5th Conference on Atmospheric Chemistry: Gases, Aerosols, and Clouds


Ozone Formation in the Alberta Oil Sands Area

W. D. Hume, EC, Edmonton, AB, Canada; and D. Fox, R. Rudolph, M. Shauck, and M. Buhr

Northeast Alberta is the location of a significant oil sands mining activity. The mine developments include several large point and area NOX sources surrounded by an ocean of biogenic VOC emissions from the adjacent boreal forest.. Current anthropogenic emission of NOX are 70 tonnes/yr, increasing 400 tonnes/yr due to an expected 50 billion dollars of additional mine developments being proposed. Atmospheric chemistry modeling studies have predicted that current emissions from mine developments elevate regional ground-level ozone levels. Additional emissions from proposed developments are predicted to result in ozone levels in exceedance of the Canada-wide Standards (65 ppb 8-hr).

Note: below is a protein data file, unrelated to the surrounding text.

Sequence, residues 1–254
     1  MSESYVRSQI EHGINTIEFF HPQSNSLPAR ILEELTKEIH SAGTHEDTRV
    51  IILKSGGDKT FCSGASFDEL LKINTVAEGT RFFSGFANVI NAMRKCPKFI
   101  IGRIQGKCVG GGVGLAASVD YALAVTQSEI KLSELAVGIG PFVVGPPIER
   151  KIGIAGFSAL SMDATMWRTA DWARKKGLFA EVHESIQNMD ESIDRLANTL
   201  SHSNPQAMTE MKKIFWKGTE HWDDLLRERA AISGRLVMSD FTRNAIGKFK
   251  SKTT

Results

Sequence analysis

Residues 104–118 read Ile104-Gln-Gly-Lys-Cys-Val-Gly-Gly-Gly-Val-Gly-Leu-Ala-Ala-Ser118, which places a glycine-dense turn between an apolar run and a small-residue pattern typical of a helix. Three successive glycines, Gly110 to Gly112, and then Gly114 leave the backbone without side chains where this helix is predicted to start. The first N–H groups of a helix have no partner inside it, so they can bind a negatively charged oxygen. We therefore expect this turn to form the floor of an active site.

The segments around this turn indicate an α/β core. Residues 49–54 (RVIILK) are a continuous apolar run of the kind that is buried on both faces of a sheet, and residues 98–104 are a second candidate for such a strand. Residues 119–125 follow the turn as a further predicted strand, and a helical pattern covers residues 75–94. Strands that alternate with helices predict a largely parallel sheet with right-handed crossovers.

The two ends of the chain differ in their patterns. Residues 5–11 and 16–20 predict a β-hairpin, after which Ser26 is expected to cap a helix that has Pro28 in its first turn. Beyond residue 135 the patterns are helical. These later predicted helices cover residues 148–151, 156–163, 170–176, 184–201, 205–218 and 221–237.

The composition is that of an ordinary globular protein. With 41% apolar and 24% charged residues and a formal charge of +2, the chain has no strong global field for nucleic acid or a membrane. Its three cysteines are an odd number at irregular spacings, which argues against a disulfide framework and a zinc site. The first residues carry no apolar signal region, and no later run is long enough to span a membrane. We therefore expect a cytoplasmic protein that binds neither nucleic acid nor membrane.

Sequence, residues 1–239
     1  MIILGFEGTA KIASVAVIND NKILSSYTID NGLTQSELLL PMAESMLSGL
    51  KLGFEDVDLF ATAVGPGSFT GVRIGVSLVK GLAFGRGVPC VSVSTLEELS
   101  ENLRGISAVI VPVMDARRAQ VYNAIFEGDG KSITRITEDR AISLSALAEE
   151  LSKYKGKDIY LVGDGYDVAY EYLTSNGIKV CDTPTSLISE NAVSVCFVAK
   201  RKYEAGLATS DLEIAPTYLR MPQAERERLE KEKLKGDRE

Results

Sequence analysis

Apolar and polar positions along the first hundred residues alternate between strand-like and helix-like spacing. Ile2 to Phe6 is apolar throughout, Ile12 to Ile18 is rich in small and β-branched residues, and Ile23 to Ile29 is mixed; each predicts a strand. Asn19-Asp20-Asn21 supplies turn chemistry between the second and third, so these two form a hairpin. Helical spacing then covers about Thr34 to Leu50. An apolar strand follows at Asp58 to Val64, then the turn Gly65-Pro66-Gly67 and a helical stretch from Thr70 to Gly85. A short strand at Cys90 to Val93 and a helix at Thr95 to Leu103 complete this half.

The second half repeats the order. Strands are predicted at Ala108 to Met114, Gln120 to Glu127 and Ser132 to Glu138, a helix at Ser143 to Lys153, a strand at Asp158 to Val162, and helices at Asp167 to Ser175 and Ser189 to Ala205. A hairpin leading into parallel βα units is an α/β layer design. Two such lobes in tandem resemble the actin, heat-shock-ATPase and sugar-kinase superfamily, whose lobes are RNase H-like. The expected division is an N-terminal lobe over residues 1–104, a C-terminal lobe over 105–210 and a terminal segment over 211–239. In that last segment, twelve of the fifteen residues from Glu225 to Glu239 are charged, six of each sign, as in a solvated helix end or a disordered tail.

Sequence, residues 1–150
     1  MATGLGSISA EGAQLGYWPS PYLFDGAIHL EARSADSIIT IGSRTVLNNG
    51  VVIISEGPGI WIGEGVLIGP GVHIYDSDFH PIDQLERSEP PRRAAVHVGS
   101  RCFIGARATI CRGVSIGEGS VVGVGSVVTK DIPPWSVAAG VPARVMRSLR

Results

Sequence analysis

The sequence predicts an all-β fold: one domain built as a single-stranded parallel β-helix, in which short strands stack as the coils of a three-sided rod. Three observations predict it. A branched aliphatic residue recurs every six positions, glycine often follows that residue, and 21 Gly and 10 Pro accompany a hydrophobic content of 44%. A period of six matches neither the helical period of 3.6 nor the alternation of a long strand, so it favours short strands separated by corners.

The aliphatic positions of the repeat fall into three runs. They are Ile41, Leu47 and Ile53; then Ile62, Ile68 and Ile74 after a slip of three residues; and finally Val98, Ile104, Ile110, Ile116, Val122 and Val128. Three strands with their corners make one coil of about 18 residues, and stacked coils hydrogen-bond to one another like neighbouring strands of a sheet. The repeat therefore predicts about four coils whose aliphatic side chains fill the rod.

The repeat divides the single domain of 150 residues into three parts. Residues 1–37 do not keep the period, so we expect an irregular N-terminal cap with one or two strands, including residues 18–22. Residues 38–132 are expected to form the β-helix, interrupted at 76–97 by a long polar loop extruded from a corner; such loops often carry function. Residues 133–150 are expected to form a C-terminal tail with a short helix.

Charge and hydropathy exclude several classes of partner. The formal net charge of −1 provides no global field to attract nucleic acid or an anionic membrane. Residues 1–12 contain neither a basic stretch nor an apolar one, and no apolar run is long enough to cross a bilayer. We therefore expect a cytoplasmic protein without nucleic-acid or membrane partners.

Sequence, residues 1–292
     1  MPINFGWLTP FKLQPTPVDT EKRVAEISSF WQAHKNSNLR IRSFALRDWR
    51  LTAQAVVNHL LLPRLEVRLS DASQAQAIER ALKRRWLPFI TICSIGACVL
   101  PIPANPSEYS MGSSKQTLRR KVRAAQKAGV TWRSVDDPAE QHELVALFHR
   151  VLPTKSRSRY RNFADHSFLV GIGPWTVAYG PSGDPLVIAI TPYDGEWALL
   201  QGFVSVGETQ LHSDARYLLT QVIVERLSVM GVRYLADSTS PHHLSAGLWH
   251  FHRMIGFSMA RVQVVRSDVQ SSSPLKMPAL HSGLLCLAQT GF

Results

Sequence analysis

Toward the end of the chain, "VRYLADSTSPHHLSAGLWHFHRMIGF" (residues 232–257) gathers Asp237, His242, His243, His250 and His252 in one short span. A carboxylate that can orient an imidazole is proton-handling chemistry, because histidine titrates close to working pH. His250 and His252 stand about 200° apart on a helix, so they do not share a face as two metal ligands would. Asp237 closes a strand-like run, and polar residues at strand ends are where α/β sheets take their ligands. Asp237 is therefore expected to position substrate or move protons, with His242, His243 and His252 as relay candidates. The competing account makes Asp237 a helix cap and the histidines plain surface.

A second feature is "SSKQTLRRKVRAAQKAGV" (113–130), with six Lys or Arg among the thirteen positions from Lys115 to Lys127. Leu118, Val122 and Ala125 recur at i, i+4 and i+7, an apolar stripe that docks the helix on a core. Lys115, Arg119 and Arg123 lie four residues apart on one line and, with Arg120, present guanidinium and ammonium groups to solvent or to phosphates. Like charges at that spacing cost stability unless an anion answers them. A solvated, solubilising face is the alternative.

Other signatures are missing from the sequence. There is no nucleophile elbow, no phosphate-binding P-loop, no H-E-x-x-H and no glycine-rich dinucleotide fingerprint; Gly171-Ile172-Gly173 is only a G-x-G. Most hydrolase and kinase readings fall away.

An airborne measurement program spanning the summers of 2001 and 2002 is underway to sample ozone, its precursors and other byproducts. The field program conducted in 2001 showed relatively rapid loss of SO2 and NOY in the oil sands plumes. Ozone production was observed to begin at about 3 hours parcel age. Ozone production efficiency was estimated at 2 molecules of ozone per molecule of NOY consumed. Results agreed well with photochemical modeling results.

The 2002 field study focused on sampling plume parcels aged 5 hours and longer. Emissions from natural and anthropogenic ground based sources were examined. Preliminary results from the full field program will be presented.

Poster Session 1, General Poster Session
Monday, 10 February 2003, 2:30 PM-4:00 PM

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